staff photo by alexander simone
CB Bakery intern Michaela Warnke prepares a pan to pour in her cinnamon roll dough. She started earlier this month as an intern at Kansas State University’s baking sciences program.
Michaela Warnke came from a town of 33,000, but quickly acclimated to small-town life in Marion.
“My mom is from a small town in Nebraska of 300 people,” she said. “My grandparents lived close to me, so I’d constantly go see them. My grandfather always wanted to bake, and baking in a small town was something natural I fell in love with.”
Warnke is the new intern with CB Baked Goods, and a senior in Kansas State University’s baking sciences program.
Marion and her hometown of Kearney, Nebraska, are different, but staying in the Midwest was an advantage of her internship.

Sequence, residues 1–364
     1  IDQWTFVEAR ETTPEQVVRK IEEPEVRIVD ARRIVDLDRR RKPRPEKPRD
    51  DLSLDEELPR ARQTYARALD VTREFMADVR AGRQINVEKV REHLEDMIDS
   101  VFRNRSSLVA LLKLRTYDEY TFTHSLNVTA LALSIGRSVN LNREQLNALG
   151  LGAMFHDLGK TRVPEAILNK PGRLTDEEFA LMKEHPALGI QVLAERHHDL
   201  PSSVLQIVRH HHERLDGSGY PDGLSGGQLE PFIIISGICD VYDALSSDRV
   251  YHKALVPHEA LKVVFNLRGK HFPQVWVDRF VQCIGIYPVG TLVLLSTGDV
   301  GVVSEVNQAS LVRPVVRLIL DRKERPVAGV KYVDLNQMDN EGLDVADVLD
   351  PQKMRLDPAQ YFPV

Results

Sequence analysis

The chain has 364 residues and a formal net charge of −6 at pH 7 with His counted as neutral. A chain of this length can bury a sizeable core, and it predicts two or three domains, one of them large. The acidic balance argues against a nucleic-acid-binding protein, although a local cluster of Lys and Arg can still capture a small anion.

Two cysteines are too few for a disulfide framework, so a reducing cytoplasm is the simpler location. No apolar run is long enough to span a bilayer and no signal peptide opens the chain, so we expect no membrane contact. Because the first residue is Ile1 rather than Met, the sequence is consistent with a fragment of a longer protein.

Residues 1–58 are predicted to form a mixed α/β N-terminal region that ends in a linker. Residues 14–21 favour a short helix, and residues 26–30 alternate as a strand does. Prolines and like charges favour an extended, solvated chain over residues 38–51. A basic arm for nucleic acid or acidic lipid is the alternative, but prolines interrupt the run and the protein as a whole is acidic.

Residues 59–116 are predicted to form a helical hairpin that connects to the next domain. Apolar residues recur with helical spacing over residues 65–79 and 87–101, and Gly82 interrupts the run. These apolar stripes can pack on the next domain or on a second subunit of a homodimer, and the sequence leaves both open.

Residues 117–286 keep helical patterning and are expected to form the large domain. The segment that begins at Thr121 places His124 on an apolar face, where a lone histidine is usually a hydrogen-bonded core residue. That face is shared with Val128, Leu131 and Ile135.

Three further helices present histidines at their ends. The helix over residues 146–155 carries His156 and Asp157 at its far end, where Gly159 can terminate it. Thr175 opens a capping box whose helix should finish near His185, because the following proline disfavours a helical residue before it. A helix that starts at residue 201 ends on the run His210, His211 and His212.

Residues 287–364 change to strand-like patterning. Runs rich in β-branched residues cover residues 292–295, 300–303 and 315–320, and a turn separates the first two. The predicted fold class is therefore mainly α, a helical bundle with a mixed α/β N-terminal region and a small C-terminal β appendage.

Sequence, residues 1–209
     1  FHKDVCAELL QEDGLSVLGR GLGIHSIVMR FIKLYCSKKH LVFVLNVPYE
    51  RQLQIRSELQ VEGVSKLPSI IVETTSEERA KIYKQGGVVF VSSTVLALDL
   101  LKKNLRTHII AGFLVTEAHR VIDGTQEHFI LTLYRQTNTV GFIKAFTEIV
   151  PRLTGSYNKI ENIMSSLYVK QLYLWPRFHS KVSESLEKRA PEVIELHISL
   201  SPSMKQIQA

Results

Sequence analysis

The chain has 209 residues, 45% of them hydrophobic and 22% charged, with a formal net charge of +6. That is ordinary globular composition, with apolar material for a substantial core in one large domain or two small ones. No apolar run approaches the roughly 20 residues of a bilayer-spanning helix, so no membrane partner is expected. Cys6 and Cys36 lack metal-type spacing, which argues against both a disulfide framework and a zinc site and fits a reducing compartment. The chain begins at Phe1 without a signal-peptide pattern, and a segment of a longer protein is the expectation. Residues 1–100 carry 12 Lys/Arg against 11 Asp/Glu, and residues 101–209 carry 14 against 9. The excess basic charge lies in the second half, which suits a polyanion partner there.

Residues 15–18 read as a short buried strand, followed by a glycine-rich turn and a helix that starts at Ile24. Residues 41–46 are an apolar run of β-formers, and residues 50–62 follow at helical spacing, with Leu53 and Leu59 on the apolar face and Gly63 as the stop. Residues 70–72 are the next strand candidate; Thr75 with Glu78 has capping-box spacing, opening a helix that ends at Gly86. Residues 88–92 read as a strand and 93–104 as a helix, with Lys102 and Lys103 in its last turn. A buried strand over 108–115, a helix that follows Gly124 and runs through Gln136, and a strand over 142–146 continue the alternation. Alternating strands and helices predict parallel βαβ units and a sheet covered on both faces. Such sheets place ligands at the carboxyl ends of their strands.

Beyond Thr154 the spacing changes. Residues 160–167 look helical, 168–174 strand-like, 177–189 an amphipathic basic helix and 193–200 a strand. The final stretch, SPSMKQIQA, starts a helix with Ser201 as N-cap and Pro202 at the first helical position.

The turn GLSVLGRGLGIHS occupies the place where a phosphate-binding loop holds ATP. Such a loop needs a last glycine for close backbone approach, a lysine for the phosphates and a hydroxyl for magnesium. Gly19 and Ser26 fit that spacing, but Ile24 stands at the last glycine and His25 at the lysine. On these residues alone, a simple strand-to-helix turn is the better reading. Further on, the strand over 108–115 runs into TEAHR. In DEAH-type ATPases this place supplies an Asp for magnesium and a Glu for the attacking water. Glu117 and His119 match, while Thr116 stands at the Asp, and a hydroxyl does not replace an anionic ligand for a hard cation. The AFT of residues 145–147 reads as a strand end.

Warnke said she appreciates staying this side of the Mississippi River after a visit to her sister in Florida last year.
“I’m from the Midwest and it’s where I was raised,” she said. “It’s where I want to be.”
One of her interests in Marion so far is the architecture of buildings.
“I don’t like that concrete look,” she said. “Having historic buildings to look at has been awesome.”
While friends were going for jobs at brands like Nabisco and Kellogg’s, her passion was a more personal setting.
“I did interviews with companies and they wanted me to do quality assurance,” she said. “The passion was not there.”
For Warnke, finding out many of her peers didn’t want to enter the bakery business was a surprise.
“Growing up I wanted to own a bakery,” she said. “You meet people in your major who don’t have the same dream and it’s like, ‘Oh, I didn’t realize the majority of people don’t want to.’ ”
Warnke’s college classes helped prepare her to work in the bakery.
“You get the best of both worlds, to figure out what you do and don’t like,” she said.
She said she loves to make cookies.
“There are so many different kinds and variations,” she said. “It’s always a fun thing to bake, and easy, too. Anyone can bake cookies.”